Disability services provider IHC is fed up with delays in getting a hearing for allegations the education system is breaching the human rights of disabled children.
The campaign started in 2008 and the Human Rights Review Tribunal held a preliminary hearing in 2015, but nothing has happened since.
IHC said in the meantime children with special needs were being denied their right to a full education.
Its director of advocacy, Trish Grant, said it was still waiting for a date for a full hearing and the the long delay was unfair.
"Children have human rights and they need access to a mechanism to have a timely response to any complaints made about them. This no way can be described as fair or timely," she said.
"It was actually first lodged in 2009 so that's the entire length of a child's primary school education. The kids that started with our complaint action have now left school."
Human Rights Commission chief legal adviser Janet Anderson-Bidois said it was aware of significant delays in the Human Rights Review Tribunal, which was independent of the commission.
"Delays of this nature raise very significant concerns about access to justice and the tribunal urgently needs to be provided with appropriate resources so that the process can operate in the manner that it was intended to," she said.
The tribunal was intended to provide an efficient way for people to pursue grievances under the Human Rights Act if they could not be resolved through the commission's mediation processes, Ms Anderson-Bidois said.
However, long delays were common.
"We've been involved in a case where there was a three-year delay between the time that the case was heard by the tribunal and the time that the actual decision was released," she said.
"We've got another case regarding religious instruction in schools and this was filed by the complainant in October 2016 and it's still awaiting allocation of a preliminary timetabling conference and even that preliminary conference is probably not going to take place until next year."
Justice Ministry spokeswoman Jacquelyn Shannon said it was conscious the tribunal's caseload had grown significantly.
In 2014/15, the tribunal received 49 applications and in 2016/17 it received 94 applications - an increase of 91.8 percent, she said.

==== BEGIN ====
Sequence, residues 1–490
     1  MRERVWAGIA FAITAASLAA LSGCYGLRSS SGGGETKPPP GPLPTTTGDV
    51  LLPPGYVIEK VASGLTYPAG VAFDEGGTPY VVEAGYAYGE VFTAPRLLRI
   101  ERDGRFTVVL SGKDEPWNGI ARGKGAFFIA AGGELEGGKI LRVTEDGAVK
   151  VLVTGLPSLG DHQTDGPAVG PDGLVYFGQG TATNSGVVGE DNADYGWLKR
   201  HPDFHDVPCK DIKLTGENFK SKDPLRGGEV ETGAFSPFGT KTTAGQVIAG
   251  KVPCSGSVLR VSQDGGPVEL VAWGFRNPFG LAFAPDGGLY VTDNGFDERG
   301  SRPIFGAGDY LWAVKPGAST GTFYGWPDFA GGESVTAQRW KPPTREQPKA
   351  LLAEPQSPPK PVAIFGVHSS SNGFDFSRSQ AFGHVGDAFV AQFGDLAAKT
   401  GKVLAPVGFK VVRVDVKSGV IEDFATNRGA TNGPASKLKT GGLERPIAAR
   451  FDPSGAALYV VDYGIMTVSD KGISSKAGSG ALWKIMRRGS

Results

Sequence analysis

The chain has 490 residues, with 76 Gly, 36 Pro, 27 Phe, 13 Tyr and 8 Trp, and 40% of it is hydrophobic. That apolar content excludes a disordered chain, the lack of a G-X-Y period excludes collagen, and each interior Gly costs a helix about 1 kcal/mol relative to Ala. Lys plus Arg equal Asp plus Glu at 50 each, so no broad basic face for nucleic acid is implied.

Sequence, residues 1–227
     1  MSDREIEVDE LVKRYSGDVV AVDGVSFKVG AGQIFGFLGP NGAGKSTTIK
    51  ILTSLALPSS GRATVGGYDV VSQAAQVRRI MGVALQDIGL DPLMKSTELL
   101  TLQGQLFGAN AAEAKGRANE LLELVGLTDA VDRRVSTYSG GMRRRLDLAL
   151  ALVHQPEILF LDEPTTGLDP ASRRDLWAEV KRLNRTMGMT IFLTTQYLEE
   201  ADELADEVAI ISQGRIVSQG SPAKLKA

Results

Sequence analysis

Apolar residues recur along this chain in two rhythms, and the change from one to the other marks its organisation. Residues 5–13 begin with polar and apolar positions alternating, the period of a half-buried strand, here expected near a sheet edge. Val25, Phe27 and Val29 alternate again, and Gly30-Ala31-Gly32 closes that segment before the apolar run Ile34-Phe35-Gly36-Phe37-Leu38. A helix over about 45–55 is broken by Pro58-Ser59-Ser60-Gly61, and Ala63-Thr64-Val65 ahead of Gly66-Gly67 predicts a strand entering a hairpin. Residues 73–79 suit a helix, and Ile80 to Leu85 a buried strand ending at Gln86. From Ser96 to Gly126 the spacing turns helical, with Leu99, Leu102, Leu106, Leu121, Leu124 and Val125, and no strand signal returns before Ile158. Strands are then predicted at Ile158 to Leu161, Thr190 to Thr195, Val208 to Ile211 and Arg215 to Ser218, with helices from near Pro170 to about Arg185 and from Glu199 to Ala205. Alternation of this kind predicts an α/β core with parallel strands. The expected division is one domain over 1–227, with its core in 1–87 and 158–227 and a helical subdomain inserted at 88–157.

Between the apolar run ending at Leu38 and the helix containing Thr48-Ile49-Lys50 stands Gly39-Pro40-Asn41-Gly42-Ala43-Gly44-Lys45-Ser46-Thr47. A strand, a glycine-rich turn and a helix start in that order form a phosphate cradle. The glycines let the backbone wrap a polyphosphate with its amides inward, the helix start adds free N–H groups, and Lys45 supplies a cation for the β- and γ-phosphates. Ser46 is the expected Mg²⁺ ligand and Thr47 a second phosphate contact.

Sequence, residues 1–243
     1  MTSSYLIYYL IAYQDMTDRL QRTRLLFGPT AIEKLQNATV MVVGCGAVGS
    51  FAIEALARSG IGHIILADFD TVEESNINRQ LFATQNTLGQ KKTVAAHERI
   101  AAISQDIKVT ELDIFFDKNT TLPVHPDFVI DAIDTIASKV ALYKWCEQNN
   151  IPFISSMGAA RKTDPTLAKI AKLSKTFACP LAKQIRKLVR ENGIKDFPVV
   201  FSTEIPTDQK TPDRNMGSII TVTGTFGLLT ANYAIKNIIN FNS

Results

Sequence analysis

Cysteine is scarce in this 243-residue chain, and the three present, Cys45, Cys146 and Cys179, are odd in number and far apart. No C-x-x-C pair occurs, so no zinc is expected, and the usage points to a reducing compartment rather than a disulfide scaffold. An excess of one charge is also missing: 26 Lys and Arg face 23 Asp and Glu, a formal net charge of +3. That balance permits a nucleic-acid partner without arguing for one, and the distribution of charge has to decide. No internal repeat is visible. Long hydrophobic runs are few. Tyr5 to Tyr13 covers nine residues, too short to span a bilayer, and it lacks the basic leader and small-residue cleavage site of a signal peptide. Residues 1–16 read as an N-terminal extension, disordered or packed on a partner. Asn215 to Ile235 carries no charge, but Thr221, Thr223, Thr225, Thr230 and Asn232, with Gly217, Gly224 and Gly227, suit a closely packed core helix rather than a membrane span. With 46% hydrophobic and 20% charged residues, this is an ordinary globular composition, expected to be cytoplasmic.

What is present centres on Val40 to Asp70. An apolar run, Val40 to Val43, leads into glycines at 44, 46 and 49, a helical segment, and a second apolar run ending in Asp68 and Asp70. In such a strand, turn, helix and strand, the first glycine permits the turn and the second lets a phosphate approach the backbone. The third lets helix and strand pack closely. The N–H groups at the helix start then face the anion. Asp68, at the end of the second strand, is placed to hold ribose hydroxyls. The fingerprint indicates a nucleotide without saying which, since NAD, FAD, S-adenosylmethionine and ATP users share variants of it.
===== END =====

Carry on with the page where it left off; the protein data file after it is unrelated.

Ms Shannon said the Human Rights Act required the tribunal's chairperson to be a member of every panel that heard a case.
"To assist the tribunal with its work and help deal with the increased workload, the government has appointed a second chairperson for a period of 12 months," she said.
Antonia Hannah is one of the parents providing evidence in support of the IHC case.
She joined the case in 2009 because her son, Max, was running into barriers in the education system even before he started school.
"We - even at pre-school level - experienced being asked to pay for a teacher aide, we experienced being asked to pick our child up early. We started looking around at schools and basically were discouraged from attending those schools," she said.
Mrs Hannah said she had hoped the case would put an end to such discrimination and it was upsetting to talk to parents experiencing similar problems.
"They can't work and they don't know what to do because they're at home with their child because their child has no school and I know how they feel
"I'm really really upset that it's continuing," she said.
Meanwhile, the Education Ministry said it was committed to working with IHC about the issues in their claim.
The ministry was planning forums to share its work on building an inclusive education groups with advocacy and education groups.